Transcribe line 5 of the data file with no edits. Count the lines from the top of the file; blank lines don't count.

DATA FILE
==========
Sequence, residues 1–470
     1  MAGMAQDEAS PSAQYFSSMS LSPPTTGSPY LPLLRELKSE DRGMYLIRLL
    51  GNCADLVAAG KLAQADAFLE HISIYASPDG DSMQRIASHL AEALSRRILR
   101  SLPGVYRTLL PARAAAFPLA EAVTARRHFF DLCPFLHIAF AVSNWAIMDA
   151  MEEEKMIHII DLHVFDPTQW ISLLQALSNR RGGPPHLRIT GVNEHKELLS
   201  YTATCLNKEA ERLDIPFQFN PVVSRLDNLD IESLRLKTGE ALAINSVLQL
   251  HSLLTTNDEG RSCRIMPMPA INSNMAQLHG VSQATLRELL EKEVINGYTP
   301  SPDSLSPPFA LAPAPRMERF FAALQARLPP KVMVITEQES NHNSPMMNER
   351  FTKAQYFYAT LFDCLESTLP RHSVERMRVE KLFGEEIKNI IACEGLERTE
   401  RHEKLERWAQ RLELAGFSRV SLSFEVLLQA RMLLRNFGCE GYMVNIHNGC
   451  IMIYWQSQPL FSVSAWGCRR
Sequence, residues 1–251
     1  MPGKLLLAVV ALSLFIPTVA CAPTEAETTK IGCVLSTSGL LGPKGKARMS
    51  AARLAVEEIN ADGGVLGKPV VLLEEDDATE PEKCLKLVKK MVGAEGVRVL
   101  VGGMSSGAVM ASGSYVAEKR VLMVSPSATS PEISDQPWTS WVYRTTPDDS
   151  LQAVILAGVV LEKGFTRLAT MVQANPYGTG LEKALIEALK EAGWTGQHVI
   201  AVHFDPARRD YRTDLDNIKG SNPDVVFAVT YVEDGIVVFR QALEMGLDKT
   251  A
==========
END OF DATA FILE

   151  MEEEKMIHII DLHVFDPTQW ISLLQALSNR RGGPPHLRIT GVNEHKELLS